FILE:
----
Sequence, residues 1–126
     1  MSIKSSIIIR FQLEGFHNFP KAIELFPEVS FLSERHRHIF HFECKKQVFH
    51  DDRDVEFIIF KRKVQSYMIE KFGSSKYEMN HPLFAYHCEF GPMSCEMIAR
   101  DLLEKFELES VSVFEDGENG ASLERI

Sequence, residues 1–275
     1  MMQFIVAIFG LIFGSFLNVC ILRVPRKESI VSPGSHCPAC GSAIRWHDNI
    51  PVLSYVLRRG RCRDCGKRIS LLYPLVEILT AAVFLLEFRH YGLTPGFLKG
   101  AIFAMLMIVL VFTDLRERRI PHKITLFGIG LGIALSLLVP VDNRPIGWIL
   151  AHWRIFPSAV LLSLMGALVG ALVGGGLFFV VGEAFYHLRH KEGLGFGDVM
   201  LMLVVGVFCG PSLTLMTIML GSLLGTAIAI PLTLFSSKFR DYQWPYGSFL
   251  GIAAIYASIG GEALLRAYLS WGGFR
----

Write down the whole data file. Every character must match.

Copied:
Sequence, residues 1–126
     1  MSIKSSIIIR FQLEGFHNFP KAIELFPEVS FLSERHRHIF HFECKKQVFH
    51  DDRDVEFIIF KRKVQSYMIE KFGSSKYEMN HPLFAYHCEF GPMSCEMIAR
   101  DLLEKFELES VSVFEDGENG ASLERI

Sequence, residues 1–275
     1  MMQFIVAIFG LIFGSFLNVC ILRVPRKESI VSPGSHCPAC GSAIRWHDNI
    51  PVLSYVLRRG RCRDCGKRIS LLYPLVEILT AAVFLLEFRH YGLTPGFLKG
   101  AIFAMLMIVL VFTDLRERRI PHKITLFGIG LGIALSLLVP VDNRPIGWIL
   151  AHWRIFPSAV LLSLMGALVG ALVGGGLFFV VGEAFYHLRH KEGLGFGDVM
   201  LMLVVGVFCG PSLTLMTIML GSLLGTAIAI PLTLFSSKFR DYQWPYGSFL
   251  GIAAIYASIG GEALLRAYLS WGGFR